1.2 Practical Legal Considerations Applicable to a Sovereign Bond Issuance

Though the applicable legal regime would vary from one bond issue to another, 12 a number of common legal features and considerations shall be addressed in advance by the issuing State to prepare and complete the contemplated bond issuance.

1.2.1 Shaping the Legal Structure of the Bond Issuance

With the assistance of its legal and financial advisers, the issuing State shall also consider a number of practical considerations that be addressed in anticipation of the bond issuance to ensure it meets the investors' requirements and the issuing State's needs such as: currency; maturity; public offering vs private placement; governing law; place of listing; interest rates; and repayment profile. Indeed, it is important for the issuer to determine at an early stage the form of the offering, the law governing the issuance, the issuance timetable as well as the terms and conditions that will govern the issuance.

First and foremost, the issuing State shall choose between a public offering13 and a private placement of the bonds14 to be issued. In the context of an international bond issuance, market participants tend to have a preference for private placements as they provide for less cumbersome procedures than the procedures applicable to public offerings. 15

The issuing State shall also consider whether or not it is relevant to list the bonds on a regulated financial market or a multilateral negotiation system. International sovereign bonds have been historically listed on the Luxembourg and the London Stock Exchange. Such historical preference may be explained in part both by the rather low costs of listings in Luxembourg and London as well as the flexibility of the existing procedures. There is a trend, however, towards recognition of other financial centres such as Paris because of the impact/influence of the harmonisation of the procedures and costs at the European level.

Another key point to address is the law governing transactions. International sovereign bonds are usually governed by either English law or New York law. The issuing State shall be very careful in choosing the law that would govern the transaction, as it would determine the form of the bonds that may be issued as well as the rules and the procedures to comply with for the bond issuance to be valid. For example, securities issued in France and governed by French law are generally registered in the dematerialised form, 16 and as such are eligible for 144A placement as opposed to global (bearer) bonds issued under English law.

The issuance timetable is also a crucial point for the issuer to determine and would clearly depend on the timing requirements of each country where targeted investors are located, for example, during the Ramadan period in certain regions and after the end of June, no road shows/issuance can be organised. The issuance timetable shall include periods during which roadshows would be carried out by the issuing State. Roadshows are indeed a key element of bond issuance and shall be carefully planned in order to ensure that the issuer's representatives would be able to visit a maximum number of countries where targeted investors are located. Careful planning of roadshows would also allow the issuer to accommodate two contradictory requirements: the necessity to give very detailed information on the bond issuance to the potential investors (additional meetings may be required); and compliance with applicable selling restrictions and the principle of equal information of investors.

Last but not least, the issuing State shall also carefully consider, with the assistance of its legal advisers, the terms and conditions that will govern its relations with the bondholders upon realisation of the bond issuance. Such terms and conditions embody the rights and obligations of the issuing State and the bondholders and usually cover issues such as the form of the bonds, priority among creditors, pari passu and negative pledge commitments, structure of repayment of the debt, events of default and other covenants that shall take into consideration "the specificities of the transaction, the issuer's credit rating and the needs of the parties"17 to the transaction.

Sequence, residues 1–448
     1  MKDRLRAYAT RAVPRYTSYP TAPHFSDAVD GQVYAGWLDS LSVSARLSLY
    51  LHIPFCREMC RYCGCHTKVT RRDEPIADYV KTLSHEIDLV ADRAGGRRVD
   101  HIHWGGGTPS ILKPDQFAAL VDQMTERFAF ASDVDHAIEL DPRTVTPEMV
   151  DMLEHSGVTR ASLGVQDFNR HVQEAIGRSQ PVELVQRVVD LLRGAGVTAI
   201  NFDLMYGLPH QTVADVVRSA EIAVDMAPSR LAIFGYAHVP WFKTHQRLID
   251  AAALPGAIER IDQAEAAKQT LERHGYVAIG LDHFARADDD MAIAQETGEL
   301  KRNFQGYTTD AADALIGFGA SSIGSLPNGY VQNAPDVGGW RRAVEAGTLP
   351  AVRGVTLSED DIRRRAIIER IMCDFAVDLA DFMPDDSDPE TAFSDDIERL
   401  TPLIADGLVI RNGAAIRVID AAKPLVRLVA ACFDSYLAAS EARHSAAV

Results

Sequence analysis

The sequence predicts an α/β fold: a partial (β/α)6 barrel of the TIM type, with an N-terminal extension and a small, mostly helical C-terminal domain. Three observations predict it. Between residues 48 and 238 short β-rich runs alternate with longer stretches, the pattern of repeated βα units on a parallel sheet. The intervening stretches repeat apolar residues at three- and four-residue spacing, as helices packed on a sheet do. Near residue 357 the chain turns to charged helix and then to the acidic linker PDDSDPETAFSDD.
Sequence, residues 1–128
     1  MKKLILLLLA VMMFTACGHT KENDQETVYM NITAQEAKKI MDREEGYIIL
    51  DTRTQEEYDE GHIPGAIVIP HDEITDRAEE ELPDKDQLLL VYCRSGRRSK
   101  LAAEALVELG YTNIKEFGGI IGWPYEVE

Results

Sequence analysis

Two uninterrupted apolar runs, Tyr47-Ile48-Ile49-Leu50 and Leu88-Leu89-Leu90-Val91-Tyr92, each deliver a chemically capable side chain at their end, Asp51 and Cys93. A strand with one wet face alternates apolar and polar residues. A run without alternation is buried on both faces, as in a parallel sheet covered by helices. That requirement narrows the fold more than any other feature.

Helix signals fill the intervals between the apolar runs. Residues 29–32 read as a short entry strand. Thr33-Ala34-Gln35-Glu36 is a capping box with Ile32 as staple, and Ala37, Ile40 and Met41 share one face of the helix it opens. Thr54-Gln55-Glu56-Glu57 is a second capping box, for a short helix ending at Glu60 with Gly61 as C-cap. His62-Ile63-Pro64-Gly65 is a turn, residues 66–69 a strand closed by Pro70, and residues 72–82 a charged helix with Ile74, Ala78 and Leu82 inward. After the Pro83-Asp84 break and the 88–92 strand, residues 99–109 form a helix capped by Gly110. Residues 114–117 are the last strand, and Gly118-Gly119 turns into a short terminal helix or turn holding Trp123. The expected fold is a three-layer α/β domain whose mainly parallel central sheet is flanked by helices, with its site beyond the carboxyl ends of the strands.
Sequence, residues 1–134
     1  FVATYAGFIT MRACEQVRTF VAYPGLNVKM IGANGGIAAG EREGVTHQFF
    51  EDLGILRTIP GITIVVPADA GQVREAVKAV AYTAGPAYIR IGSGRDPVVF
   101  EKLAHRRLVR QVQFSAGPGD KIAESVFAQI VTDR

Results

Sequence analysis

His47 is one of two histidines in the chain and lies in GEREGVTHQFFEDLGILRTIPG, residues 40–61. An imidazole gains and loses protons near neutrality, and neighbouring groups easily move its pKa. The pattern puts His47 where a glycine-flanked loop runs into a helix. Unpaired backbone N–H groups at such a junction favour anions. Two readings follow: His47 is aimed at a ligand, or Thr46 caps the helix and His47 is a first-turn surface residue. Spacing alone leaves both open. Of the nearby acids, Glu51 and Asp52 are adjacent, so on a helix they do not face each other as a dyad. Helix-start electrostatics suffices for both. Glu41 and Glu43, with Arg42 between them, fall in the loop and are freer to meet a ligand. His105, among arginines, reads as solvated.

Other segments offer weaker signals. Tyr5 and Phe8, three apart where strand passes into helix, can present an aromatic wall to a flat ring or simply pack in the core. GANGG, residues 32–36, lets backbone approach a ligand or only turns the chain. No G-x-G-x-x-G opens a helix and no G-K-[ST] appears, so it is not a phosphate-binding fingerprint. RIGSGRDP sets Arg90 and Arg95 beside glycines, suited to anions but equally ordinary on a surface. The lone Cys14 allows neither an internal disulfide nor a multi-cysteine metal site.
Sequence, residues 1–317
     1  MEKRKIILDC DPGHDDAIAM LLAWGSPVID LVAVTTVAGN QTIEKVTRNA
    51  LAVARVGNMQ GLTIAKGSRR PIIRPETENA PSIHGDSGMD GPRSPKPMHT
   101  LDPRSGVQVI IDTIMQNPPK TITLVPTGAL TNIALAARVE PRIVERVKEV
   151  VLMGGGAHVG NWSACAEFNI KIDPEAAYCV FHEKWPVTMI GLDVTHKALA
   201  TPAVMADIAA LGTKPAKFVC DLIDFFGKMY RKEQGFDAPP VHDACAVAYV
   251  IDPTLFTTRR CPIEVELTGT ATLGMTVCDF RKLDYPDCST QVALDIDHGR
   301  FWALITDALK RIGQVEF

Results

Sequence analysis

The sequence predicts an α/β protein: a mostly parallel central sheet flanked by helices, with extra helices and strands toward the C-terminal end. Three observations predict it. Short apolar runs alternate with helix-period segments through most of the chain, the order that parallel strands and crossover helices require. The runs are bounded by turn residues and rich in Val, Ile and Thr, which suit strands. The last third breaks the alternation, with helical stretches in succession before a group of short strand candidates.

1.2.2 Credit Rating Issues and Requirements

Though there is no legal requirement for credit rating, a key condition of the issuance is to ensure that the process of obtaining a sovereign rating is completed prior to the realisation of the issuance.

Indeed, when issuing on an international market, the issuer shall first obtain a grade from one of the major credit rating agencies18 (the "CRAs") to assess the credit risk of the issuer. Such credit risk assessment is all the more important when the issuance is made by a sovereign. Credit rating agencies may provide either a general assessment of the issuer's credit risk profile or focus their analysis on the proposed issuance only.

The credit risk profile of the issuer will determine the debt profile of the issuance. If an investment grade note is granted, the issuer would have access to a large number of investors and, as a result, would obtain lower financing costs. On the contrary, if a noninvestment grade note is granted to the issuer, it would have access to a restricted number of investors and would obtain, as a result, more restrictive conditions (high yield, additional covenants, higher interest rates, etc.).

The European Securities and Markets Authority (ESMA) has identified19 a number of deficiencies in the processes for producing and issuing sovereign ratings at the CRAs.

ESMA identified deficiencies and issues for improvement in the following areas:

  • independence and avoidance of conflicts of interests;
  • confidentiality of sovereign rating information;
  • timing of publication of rating actions; and
  • resources allocated to sovereign ratings.

The bond issuance shall be preceded by a detailed analysis of the issuer's financial and legal situation by the investment banks and their legal advisers. Such diligence would be more or less detailed depending on the issuer's risk debt profile and is crucial to assure the investors' confidence and reliance on the information provided in the marketing documentation. The issuer's advisers shall be very careful in performing such due diligence as it would be the basis of any action against them or can be raised by the investment banks as a defence in the event the issuer's financial situation adversely changes during the life of the bonds and results in damage suffered by the bondholders.